J. Gordon Holt

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J. Gordon Holt, Various  |  Sep 23, 1995  |  First Published: Sep 23, 1983  |  0 comments
Warning to Purists: Despite certain qualities about the ESL-63 speakers which you will probably like, Quad equipment is not designed primarily for audiophiles, but for serious-music (call that "classical") listeners who play records more for musical enjoyment than for the sound. Quad's loudspeakers do not reproduce very deep bass and will not play at aurally traumatizing volume levels, and Quad's preamplifier is compromised through the addition of tone controls and filters, all for the purpose of making old, mediocre, and/or worn recordings sound as listenable as possible.
J. Gordon Holt  |  Mar 04, 2008  |  First Published: Sep 04, 1983  |  0 comments
These speakers inadvertently managed to put me in a good mood even before I listened to them, because of a dumb little gaffe committed by Thiel's packing department. Each speaker came with an Owner's Information sheet, which is nice. Each sheet included Unpacking (and Repacking) Instructions, which is nicer. But each sheet came packed inside the carton, underneath the speaker, where it was not accessible until after the speaker was dumped out of the box, which is pretty silly!
J. Gordon Holt  |  Jun 11, 2015  |  First Published: Sep 01, 1983  |  2 comments
The Model 34 preamplifier is the component from English manufacturer Quad that will disenchant perfectionists, partly because of its obvious pandering to connoisseurs of old and sometimes lousy-sounding records, and partly because of its sound.

This solid-state design is supplied with a built-in moving-magnet cartridge preamplifier, and a moving-coil preamp is included with it for (easy) installation by the user if desired. (Remove two screws, pull out the old module, plug in the new one and replace the screws. The job takes about 3 minutes.) The MC preamp supplied is for 20 microvolt-output cartridges—contrary to the instruction booklet's statement that the supplied one is the 100µV version. Modules having a rated input level of 100 or 400µV are available as extra-cost options.

J. Gordon Holt  |  Jan 26, 2010  |  First Published: Aug 26, 1983  |  1 comments
Until recently, I have considered LaserVision video discs as a rather dubious medium for serious music reproduction. The only review I had read about it by a critical listener (Harry Pearson in The Absolute Sound) was I singularly unenthusiastic, and since I had not heard one myself, I was inclined to take his word for it.
J. Gordon Holt  |  Sep 07, 2009  |  First Published: Apr 07, 1983  |  0 comments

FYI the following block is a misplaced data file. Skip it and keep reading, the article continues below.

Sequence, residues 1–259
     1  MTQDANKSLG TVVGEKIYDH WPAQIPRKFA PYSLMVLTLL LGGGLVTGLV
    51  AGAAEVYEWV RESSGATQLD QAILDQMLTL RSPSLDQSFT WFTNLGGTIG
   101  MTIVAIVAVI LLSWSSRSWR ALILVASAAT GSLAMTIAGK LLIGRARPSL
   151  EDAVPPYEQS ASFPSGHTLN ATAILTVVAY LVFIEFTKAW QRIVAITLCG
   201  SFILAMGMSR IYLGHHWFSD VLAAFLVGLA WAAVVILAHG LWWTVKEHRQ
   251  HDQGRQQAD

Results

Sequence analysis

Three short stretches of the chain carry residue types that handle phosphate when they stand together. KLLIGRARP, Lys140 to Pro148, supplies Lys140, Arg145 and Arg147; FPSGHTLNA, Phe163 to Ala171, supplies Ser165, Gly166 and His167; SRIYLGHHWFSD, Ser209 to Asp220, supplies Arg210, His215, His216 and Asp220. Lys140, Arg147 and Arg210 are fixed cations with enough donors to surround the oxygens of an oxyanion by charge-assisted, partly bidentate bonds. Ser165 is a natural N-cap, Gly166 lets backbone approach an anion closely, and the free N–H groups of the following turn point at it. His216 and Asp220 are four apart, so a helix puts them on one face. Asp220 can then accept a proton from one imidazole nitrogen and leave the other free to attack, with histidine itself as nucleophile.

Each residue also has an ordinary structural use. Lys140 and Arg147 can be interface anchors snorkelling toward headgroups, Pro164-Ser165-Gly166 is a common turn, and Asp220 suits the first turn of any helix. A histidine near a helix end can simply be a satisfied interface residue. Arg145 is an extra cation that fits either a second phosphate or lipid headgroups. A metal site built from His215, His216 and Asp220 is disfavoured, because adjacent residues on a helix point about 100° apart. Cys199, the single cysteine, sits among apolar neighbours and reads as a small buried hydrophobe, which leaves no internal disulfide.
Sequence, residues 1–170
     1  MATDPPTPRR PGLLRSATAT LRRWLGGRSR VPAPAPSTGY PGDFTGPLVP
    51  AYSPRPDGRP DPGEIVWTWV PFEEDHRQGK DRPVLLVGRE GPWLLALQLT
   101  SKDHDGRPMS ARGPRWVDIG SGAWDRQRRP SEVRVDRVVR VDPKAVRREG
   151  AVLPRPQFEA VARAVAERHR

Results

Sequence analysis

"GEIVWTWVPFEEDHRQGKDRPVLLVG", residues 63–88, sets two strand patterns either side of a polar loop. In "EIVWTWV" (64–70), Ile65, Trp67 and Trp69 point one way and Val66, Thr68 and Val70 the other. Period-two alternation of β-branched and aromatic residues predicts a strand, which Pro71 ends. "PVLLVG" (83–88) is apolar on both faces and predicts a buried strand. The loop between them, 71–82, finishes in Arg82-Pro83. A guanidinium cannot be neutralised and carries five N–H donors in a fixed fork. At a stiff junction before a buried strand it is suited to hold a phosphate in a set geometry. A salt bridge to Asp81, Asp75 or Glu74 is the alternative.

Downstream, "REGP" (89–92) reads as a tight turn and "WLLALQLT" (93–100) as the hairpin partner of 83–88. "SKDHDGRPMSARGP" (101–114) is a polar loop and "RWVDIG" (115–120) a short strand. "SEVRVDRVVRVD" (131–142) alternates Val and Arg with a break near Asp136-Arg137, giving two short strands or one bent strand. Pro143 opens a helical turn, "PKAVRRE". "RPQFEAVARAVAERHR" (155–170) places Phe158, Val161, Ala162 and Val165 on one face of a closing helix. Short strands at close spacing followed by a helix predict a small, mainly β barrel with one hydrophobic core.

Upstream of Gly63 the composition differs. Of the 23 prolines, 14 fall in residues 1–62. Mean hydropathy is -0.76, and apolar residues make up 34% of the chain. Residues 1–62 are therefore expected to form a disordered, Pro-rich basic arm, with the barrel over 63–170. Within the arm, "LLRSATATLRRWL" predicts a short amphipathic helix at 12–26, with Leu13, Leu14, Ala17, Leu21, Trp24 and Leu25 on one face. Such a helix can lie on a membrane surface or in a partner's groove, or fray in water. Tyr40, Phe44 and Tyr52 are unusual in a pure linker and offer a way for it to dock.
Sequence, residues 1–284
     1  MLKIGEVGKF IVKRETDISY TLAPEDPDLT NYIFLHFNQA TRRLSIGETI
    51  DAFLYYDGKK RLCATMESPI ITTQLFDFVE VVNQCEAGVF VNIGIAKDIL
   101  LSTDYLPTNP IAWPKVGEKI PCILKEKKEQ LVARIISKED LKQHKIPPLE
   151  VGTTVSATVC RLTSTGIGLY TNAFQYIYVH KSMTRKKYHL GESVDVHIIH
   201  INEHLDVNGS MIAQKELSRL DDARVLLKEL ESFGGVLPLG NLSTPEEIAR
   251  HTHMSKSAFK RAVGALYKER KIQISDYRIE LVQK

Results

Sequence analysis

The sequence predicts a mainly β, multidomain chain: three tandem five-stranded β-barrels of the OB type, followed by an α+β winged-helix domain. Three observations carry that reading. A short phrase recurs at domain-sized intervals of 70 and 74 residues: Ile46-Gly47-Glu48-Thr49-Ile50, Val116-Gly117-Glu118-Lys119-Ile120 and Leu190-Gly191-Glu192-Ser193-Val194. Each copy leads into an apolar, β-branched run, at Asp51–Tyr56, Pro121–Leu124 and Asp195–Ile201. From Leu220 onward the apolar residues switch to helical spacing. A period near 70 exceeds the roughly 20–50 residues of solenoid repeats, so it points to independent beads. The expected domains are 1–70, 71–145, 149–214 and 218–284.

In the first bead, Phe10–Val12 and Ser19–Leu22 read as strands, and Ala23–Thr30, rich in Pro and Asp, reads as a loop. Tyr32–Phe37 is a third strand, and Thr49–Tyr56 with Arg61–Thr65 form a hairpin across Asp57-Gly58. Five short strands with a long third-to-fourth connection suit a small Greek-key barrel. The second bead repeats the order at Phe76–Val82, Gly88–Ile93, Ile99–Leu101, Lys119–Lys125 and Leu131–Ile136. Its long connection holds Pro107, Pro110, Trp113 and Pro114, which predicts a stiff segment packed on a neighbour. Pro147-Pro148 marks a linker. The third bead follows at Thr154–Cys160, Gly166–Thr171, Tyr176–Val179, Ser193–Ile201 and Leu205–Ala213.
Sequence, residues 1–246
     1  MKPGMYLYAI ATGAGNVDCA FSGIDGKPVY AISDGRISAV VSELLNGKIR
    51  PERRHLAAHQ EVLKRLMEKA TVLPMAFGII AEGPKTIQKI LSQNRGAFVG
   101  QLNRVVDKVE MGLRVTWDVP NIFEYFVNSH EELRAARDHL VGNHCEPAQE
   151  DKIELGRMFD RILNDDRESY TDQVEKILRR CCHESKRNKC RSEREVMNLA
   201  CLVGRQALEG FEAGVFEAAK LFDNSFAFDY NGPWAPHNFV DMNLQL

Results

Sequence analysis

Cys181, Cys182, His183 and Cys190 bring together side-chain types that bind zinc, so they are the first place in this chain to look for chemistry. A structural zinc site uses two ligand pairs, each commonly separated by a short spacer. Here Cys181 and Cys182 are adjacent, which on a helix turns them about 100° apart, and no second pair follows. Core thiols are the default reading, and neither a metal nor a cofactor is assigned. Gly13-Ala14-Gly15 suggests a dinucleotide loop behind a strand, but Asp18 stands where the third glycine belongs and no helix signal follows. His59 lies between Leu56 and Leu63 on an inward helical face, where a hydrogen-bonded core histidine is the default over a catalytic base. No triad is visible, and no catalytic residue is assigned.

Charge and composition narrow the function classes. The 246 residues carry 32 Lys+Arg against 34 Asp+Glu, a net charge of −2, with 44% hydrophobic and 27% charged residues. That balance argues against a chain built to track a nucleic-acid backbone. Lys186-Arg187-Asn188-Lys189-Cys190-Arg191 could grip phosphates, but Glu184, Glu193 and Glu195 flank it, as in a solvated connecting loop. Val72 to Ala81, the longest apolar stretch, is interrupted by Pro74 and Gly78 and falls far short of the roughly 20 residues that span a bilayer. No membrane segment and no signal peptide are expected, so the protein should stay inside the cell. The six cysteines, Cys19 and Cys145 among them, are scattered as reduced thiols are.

During the past 10 years, perfectionist audio has garnered for itself an impressive accretion of lore, much of which has never been accepted by the so-called scientific community.
J. Gordon Holt  |  Nov 03, 2007  |  First Published: Mar 03, 1983  |  0 comments
Question: What is it that almost every audiophile takes for granted, yet has more effect on the sound of his system than does any single component in that system? Answer: His listening room.
J. Gordon Holt  |  Jan 23, 1995  |  First Published: Jan 23, 1983  |  0 comments
Our long-awaited laser-audio disc player (usually called the CD, for "Compact Disc") finally arrived, along with a real bonanza of software: two discs—a Polygram classical sampler of material from Decca, Deutsche Grammophon and Philips, and a Japanese CBS recording of Bruckner's 4th Symphony, with Kubelik.
J. Gordon Holt  |  May 02, 2010  |  First Published: Jan 02, 1983  |  0 comments
A world-renowned musician had scheduled an appearance as guest soloist with the string quartet in residence at a certain university. When he arrived he noticed a pair of microphones arrayed over the small stage and, following the wires, located a college student backstage next to a tape recorder and a pair of headphones.
J. Gordon Holt  |  Jun 09, 2007  |  First Published: Oct 09, 1982  |  0 comments
The October 1982 issue of Stereo Review published what must be hailed (or derided) as the first reasoned assessment of high-end audio ever presented in a mass-circulation hi-fi publication. We disagreed with a few of the author's points, but our main gripe about the piece prompted a letter to Stereo Review. This is what we wrote:
J. Gordon Holt  |  Feb 24, 2015  |  First Published: Oct 01, 1982  |  2 comments
The Sheffield Track Record
Robbie Buchanan and James Newton Howard, keyboards; Lennie Castro, percussion; Nathan East, bass guitar; Mike Landau, guitar; Carlos Vega, drums. Ron Tutt, and Jim Keltner, drum solos. TT: 22:13.
Sheffield LAB-20.

What, a recording of rock backup tracks? Who could care less? Me, is who. Quibble over the program if you will (actually, it isn't all that dull, and two of the numbers are fun to listen to), but this wasn't released for the program material. You might call it a tantalizing sample of where a lot of rock sound begins, before it is fuzzed, reverbed, and cross-dubbed God knows how many times before the final mess is released for the edification of the peons. This has to be one of the most astonishing rock recordings ever issued! The Absolute Sound's Harry Pearson (who obviously got his before we got ours, as you are reading this 9 weeks after our copy arrived) is quoted on the jacket as declaring this to be "Absolutely the best-sounding rock record ever made." He's right.

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